We have decided to take a look at the major banks in Australia. There are a number of reasons why stock market investors are worrying about the Australian banking sector which we outline below, followed by a discussion on each of the major banks.  

Challenges

  • The Financial Services Royal Commission,
  • Potential interest rises,
  • Political instability leading to concerns about changing regulations,
  • Worries about an overheating residential property market and the resulting exposure of our banks,
  • Falling $AUD. 

On the numbers above we can make some interesting observations: 

  • Westpac is the cheapest bank on a PE basis. 
  • ANZ is the cheapest bank on a price to book basis.
  • NAB is the highest yielding bank. 

Including franking, our banks provide excellent tax effective yields. Compared to the large US banks, Australian banks compare favorably, particularly the dividend yields in Australia provide a compelling comparative investment. 

The Australian banks, as a sector, are the recent losers versus both the Australian equity markets as can be seen above and also against globally strong equity markets. Since the Global Financial Crisis (GFC) occurred, NAB has been a dramatic underperformer and CBA the big outperformer on the Australian Stock Market. We think this is the time to be reassessing exposure to Australia’s major Banks.

A few Highlights and Challenges for the Big Four 

Australia and New Zealand Banking Group. (ANZ)  

As with all of the Big Four, retail banking conditions remain tough with a significant slowdown in owner occupied home loan growth, higher funding costs and the inability to re-price loans. ANZ has underweight mortgage exposure vs peers and thus may be in a better position than some of the other banks; lower impairment charges are a strong positive, albeit surprising.   

Commonwealth Bank. (CBA)  

The negatives for CBA are the upcoming costs of addressing governance and cultural issues. Also, CBA has fallen below industry growth rates and this may also mean an increase in costs. As the largest retail bank, with over 25% market share, they are less exposed to the riskier agriculture and manufacturing sectors. CBA’s online and mobile platform seems to resonate better than the others with the younger generation.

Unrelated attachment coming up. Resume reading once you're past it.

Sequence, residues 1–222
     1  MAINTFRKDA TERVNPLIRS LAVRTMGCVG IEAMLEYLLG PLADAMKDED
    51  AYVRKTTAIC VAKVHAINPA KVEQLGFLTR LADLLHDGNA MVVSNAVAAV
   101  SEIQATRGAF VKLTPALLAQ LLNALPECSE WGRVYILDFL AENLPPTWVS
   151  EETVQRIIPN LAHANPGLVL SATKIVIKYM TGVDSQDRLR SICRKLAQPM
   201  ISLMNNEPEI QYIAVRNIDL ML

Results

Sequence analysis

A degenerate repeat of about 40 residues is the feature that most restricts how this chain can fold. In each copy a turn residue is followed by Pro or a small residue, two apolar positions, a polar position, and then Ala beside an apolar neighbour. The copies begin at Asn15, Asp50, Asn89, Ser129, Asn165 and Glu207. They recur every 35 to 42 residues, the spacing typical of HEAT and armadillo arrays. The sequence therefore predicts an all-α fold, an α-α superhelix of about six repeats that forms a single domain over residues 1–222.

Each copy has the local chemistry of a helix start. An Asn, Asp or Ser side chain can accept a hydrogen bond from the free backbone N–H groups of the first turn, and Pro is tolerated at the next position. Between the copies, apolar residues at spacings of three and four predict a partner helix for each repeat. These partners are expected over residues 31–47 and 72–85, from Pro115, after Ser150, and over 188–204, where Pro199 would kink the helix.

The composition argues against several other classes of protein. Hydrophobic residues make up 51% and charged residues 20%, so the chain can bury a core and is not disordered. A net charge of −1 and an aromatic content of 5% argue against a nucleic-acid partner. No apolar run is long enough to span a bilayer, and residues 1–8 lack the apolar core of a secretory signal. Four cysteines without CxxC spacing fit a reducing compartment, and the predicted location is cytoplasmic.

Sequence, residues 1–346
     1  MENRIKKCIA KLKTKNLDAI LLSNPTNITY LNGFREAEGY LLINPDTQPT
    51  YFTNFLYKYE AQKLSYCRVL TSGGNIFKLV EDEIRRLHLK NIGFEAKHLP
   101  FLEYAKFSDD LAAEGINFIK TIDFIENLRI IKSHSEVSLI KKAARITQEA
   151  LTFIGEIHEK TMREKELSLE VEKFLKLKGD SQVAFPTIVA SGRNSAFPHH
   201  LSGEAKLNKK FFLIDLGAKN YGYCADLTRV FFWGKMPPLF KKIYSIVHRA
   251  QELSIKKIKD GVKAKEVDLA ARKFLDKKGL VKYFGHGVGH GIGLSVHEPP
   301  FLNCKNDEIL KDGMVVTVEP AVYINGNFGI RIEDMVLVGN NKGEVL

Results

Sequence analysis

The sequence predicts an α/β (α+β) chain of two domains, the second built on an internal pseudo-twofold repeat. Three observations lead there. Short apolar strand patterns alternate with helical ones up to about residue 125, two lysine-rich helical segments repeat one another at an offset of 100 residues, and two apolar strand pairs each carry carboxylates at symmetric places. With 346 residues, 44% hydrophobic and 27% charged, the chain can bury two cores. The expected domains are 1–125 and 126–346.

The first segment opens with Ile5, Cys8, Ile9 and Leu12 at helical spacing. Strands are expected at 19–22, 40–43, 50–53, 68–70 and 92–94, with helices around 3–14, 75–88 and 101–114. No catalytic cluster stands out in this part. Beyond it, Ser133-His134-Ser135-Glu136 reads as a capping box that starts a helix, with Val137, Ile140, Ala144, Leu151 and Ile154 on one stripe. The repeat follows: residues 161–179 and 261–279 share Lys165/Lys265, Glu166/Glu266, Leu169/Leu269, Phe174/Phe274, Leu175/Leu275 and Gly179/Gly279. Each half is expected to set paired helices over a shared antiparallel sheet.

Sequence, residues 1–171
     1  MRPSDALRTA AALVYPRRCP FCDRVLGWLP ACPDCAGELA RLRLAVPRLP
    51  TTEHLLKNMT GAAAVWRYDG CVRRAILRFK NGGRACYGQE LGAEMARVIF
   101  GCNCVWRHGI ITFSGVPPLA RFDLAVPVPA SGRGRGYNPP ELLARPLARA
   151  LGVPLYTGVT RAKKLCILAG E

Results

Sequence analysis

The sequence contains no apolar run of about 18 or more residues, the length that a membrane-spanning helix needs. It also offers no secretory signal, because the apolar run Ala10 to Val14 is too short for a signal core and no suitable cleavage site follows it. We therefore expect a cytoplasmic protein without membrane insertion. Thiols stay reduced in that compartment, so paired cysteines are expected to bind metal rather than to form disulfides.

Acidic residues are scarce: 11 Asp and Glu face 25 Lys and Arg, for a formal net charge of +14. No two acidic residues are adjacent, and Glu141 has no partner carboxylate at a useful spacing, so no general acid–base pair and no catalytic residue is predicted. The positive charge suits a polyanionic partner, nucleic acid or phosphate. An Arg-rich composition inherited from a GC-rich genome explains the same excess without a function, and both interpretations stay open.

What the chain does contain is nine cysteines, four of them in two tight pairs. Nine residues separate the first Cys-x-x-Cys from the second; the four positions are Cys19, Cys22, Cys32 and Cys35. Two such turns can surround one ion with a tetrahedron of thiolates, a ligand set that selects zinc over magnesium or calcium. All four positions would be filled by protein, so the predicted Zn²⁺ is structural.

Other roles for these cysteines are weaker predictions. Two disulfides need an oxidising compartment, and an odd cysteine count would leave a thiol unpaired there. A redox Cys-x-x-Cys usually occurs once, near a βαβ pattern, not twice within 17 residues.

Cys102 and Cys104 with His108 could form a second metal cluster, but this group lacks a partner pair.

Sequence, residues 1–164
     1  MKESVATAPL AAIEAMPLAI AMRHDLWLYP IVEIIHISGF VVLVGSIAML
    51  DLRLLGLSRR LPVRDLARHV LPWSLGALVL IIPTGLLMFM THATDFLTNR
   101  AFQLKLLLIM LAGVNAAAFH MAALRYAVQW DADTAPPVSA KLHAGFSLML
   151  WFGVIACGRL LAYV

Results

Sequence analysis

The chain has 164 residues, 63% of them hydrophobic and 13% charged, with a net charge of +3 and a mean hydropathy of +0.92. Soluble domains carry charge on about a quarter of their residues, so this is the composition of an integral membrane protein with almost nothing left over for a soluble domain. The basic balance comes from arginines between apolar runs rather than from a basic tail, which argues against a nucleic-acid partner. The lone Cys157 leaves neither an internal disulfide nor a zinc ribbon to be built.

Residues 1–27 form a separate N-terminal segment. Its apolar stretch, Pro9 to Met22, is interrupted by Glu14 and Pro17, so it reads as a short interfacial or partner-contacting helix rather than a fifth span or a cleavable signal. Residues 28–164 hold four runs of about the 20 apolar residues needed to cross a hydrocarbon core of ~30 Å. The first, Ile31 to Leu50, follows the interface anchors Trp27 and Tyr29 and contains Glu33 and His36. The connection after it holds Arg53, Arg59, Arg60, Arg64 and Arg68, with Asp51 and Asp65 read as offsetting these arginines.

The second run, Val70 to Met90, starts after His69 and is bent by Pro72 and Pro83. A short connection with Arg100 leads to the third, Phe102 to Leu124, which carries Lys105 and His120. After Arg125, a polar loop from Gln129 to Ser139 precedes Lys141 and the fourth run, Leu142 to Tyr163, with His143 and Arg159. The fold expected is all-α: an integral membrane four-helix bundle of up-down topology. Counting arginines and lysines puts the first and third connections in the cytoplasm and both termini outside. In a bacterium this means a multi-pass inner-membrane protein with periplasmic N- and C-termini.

National Australia Bank. (NAB)  

Despite talking of cost reductions NAB seems to be losing the battle, a big part of this is regulatory expenses. As with the other banks, renewed competition for new mortgages, negative sentiment from the royal commission and the ACCC and Productivity Commission, and a challenging political environment the increased funding costs will be bore by shareholders rather than borrowers – at least for the short/medium term. Despite this, NAB has a very strong balance sheet and low impairments. 

Westpac (WBC)  

WBC’s focus on cost management may be detracting from business growth and mortgage competition and thus profitability under pressure. Funding costs are increasing; WBC’s core revenue driver, its net interest margin, has fallen to its lowest level since 1H15 on the back of rising funding costs from international markets, adding roughly $400m to the banks cost base. These costs can, and traditionally have been, recouped by increasing the standard variable interest rate on mortgages, however, given the current political environment and the focus on the banks, this change may prove to be difficult; Westpac has an overweight position in the housing market. The key upside for Westpac is the potential accelerated expense management and low global relative valuation.



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Ron Fox

What is the bottom line on the Big Four as an investment, buy, hold or sell?